Nigeria lost about $15 billion to fraudulent and corrupt practices in the security equipment spending during the last administration, Vice President, Prof Yemi Osinbajo, SAN, has disclosed, even as he spoke of hope that the implementation of the 2016 budget would commence soon.
“By the grace of God in the next few days we will begin the implementation of one of the most ambitious budgets in our history. Ambitious not just in its size but more in its broad range of fiscal and other socio-economic policies,” according to the Vice President.
The Vice President spoke today at the book presentation of the Ibadan-based elite group, House of Lords, which just published an in-depth analysis by different experts titled “Nigeria: The Challenges of Growth and Development, ” at the University of Ibadan.
While observing that the Buhari presidency has kept on a sustained fight against corruption, the Vice President said the country simply cannot sustain the shocking level of public sector corruption in particular.
Said he: “When you look at the sheer amount of money that have been embezzled, the sheer amount of money lost from any of these various cases of corruption, you will find that far too much has been lost.”
Continuing he disclosed that “it was discovered a few days ago that the total amount of money lost just to corruption in part of…and provision of security equipments in the military is closer to 15 billion US dollars.”
While the nation’s foreign reserves is now around about $27B, Prof Osinbajo, driving home the stark significance of the such corruption, noted that the $15 billion figure “is more than half of the current foreign reserves of the country.”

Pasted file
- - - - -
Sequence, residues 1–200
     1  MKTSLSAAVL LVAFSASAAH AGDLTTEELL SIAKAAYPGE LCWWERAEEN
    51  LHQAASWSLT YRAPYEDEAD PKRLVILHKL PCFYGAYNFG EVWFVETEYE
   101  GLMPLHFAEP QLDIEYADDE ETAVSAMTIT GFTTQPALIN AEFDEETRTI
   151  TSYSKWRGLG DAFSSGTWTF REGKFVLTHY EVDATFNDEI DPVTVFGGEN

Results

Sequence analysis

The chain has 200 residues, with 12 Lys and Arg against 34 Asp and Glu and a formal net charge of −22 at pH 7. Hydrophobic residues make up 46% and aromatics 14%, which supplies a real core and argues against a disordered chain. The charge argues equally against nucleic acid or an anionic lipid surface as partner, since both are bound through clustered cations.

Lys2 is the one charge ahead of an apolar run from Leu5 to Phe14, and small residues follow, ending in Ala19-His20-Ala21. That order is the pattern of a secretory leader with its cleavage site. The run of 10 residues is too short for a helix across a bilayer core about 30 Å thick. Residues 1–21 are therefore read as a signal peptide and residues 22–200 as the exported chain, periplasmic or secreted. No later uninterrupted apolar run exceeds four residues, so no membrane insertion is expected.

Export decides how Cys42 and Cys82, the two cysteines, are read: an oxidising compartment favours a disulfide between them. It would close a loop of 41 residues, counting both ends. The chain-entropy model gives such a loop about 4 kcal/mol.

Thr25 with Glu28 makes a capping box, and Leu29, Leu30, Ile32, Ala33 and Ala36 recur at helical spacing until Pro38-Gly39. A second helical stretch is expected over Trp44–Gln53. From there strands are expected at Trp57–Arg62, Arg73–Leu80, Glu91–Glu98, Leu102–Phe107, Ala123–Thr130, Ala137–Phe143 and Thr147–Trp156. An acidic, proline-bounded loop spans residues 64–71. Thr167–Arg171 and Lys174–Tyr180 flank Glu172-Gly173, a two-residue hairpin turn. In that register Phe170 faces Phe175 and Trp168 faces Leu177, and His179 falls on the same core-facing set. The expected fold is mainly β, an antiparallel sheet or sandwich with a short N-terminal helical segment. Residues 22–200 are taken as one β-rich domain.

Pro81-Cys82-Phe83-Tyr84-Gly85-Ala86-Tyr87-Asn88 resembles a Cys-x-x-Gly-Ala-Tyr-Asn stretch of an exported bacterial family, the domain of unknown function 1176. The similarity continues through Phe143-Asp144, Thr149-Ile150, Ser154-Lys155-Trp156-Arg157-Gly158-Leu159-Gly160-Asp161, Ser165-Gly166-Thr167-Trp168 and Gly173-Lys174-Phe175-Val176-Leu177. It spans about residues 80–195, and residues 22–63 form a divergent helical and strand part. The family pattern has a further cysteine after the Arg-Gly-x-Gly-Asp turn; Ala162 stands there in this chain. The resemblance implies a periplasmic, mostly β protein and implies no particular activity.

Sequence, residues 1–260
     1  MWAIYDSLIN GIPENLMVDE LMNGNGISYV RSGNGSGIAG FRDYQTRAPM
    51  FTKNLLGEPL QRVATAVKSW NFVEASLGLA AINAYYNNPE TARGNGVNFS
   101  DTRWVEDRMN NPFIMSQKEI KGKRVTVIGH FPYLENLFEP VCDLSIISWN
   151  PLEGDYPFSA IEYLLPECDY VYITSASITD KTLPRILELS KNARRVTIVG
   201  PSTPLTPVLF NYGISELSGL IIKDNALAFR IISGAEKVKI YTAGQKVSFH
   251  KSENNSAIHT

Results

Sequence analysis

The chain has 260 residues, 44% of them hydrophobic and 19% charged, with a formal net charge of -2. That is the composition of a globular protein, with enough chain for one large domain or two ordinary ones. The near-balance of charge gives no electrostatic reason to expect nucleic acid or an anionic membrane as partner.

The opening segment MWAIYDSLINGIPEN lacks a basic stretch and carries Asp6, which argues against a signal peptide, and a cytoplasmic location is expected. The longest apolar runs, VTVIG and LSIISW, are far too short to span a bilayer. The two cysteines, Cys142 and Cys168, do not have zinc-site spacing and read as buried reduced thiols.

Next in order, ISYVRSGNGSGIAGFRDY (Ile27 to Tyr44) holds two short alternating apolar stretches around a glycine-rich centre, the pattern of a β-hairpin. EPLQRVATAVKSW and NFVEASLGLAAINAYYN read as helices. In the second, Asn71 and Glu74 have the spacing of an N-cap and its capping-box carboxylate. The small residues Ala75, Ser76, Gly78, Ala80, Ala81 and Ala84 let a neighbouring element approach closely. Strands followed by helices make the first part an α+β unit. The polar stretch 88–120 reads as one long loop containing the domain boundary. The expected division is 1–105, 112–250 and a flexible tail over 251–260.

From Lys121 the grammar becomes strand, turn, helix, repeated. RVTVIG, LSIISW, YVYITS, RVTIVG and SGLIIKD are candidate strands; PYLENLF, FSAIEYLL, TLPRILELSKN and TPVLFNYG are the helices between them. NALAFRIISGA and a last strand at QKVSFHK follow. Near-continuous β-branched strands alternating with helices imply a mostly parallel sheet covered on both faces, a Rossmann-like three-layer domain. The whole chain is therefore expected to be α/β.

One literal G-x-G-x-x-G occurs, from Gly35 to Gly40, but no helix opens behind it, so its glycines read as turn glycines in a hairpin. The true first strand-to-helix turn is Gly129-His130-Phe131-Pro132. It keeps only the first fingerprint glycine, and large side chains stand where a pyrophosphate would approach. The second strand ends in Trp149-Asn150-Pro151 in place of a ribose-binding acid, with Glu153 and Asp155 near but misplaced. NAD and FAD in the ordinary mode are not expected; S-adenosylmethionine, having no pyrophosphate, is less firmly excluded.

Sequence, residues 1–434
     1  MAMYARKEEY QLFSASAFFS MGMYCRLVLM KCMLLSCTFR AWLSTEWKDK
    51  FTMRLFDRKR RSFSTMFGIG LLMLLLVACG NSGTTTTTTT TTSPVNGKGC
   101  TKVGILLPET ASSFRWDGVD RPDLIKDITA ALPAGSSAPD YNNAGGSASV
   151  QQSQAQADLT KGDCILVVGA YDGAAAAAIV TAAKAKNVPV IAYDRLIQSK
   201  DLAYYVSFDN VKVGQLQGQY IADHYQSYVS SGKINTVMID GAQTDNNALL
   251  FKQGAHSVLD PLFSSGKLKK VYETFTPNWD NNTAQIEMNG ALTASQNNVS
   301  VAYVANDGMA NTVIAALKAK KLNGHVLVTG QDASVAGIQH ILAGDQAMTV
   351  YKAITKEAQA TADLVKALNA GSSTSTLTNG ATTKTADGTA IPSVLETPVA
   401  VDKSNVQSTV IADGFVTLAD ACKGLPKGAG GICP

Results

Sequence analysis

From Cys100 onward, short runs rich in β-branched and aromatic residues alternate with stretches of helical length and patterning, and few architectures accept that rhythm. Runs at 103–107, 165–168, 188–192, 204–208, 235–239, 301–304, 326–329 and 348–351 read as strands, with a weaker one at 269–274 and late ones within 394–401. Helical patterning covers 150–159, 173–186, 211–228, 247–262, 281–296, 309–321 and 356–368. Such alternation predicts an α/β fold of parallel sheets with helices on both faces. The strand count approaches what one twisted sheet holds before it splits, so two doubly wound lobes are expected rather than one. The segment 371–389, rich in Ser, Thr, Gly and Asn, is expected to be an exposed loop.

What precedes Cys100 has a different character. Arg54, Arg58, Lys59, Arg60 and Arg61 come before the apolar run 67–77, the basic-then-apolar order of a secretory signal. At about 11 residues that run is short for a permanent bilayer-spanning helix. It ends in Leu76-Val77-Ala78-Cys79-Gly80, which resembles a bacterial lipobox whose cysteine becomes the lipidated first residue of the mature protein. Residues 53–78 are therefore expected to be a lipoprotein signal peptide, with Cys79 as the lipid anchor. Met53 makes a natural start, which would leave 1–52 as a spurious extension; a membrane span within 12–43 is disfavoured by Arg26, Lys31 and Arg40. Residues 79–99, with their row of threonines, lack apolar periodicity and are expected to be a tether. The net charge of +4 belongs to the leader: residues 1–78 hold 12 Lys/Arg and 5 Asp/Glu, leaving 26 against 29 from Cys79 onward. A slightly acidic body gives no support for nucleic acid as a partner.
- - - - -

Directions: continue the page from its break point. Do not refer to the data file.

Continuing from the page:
He then told the audience made up of top Nigerian elites drawn from academics, business and the professions that what the Buhari presidency is “trying to do is to ensure that there are consequences for corruption and we try to send a message that anyone who is found to have been corrupt would not only dislodge the property they have stolen but will also pay for it in terms of the sanctions of the law.”
According to him, “I believe strongly that it is important to send a message that no public officer can steal the resources of this country and expect to escape. I hope the message would be loud and clear and it will inform behaviour in the future.”
Throwing a challenge to the generality of the Nigerian elite, Prof Osinbajo said “the limits of the growth and development of most nations largely depend on the strength of the value-driven influence of their elite, indeed it is evident that the reason for the development and growth of most societies is not resources, but values, (otherwise African countries will be the most developed.)
Citing the example of Singapore to back up his submission, the VP noted that the reason why the “tiny, resourceless island is richer than most of sub-Saharan Africa with its vast resources is values: hard-work, integrity, innovation promoted by a committed elite. Thus the custodian elite especially in largely poor and illiterate societies has a huge responsibility.”
He said that responsinility is what he called “The burden of privilege.”
He explained: “I have argued elsewhere that the privileged, or the elite both individually and collectively have a responsibility, an obligation to society, to plan it, organise it, order or reorder it and above all to make sacrifices for it, for the maximum benefit of all.”